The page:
The Covid lockdown saw Coll come home to Castlebar for a few months for an unexpected break, but one he really enjoyed, both from a personal and musically progressive point of view.
"It was great being at home, I had two and half months back in Mayo; it was amazing, it was something that was never on the cards for me up to this.
"I was a bit upset about it at the start because we had all these plans, but it was lovely to be back and spend time with the family and then spend time working on my own drum style, playing and learning a lot about jazz drums and different stuff like, that which I would have never really done.
"It is something that you don't get time to do if you are away on tour, you don't get time to work on your own style, you play the show as it is - it was a nice thing to spend a bit of time on me."
As for living up to the expectations of their debut album and following it up, Coll is relaxed about it all and just really enjoyed making it and what the band have created.
"I think we have all kind of made peace with it, we were very kind of susceptible to what other people thought of us on the debut album, some liked it, some didn't, that's a thing you have to get used to; some people aren't going to like your music - we all made peace with that and maybe it is not as much of a worry for the second album as it is for the first - and that might be a weird thing .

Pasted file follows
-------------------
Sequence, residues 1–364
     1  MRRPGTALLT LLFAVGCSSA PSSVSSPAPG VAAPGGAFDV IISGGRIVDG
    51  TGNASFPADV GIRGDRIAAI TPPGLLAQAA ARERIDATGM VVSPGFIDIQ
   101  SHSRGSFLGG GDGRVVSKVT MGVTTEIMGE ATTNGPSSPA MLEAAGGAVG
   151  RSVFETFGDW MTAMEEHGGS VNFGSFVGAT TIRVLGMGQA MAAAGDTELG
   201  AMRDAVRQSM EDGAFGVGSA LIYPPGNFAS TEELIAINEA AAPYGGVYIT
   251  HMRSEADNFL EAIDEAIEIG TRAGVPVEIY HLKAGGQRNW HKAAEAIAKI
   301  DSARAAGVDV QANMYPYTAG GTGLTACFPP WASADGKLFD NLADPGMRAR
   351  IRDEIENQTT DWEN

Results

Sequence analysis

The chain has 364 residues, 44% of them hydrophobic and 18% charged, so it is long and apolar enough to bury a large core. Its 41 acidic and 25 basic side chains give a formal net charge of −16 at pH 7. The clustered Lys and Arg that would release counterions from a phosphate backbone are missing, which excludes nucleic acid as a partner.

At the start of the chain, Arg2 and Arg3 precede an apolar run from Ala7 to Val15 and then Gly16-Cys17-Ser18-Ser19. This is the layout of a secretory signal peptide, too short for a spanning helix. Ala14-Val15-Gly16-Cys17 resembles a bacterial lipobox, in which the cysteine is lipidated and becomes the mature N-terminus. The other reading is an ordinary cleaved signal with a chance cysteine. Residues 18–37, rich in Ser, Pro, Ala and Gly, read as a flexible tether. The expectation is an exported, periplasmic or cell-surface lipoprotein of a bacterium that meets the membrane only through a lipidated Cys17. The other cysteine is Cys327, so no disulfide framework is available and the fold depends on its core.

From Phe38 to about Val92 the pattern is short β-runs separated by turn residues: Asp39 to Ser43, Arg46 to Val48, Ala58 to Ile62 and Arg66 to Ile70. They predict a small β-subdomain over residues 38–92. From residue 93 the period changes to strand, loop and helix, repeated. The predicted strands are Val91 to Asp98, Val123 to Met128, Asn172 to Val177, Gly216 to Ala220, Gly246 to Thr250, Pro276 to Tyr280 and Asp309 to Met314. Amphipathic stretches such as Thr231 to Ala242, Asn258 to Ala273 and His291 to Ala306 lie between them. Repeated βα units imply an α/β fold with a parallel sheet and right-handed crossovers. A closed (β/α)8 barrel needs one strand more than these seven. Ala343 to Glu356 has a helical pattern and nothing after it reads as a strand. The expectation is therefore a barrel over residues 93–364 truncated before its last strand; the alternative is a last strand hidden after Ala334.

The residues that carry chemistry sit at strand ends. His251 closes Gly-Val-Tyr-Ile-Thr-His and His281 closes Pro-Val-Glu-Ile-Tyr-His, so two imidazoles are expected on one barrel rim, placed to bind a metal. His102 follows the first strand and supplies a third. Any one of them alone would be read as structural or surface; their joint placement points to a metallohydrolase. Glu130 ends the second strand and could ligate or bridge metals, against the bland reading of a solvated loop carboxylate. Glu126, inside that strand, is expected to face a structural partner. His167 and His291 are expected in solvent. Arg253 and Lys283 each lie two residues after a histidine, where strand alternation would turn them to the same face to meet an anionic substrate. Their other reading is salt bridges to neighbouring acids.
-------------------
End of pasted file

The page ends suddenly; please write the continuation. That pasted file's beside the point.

"But I think we have all battled that thing of 'what if people don't like it' and try to put our self-worth in the music and keep it in us and if the five of us like the album, that is all that really matters.
"It might sound cliched but that is what it is, you can't put your own self-worth on other people really, that has been a big learning curve for us. Obviously I hope people like it, but it is not the end of the world either."
Life on the road for a musician can be tough - but Coll has loved every minute of it so far and it's what he always wanted to do, he says, even if it can be stressful at times.
"A lot of touring can be stressful, I have to sleep for two hours then hop on a flight and get on a van for ten hours and you can get carried away with the stress of it all. But at it's core you are getting to see the world with your best mates and play music you have written; it is something so special and something that I really value. I am so grateful I have the opportunity to do it and it is so special to do it with your friends."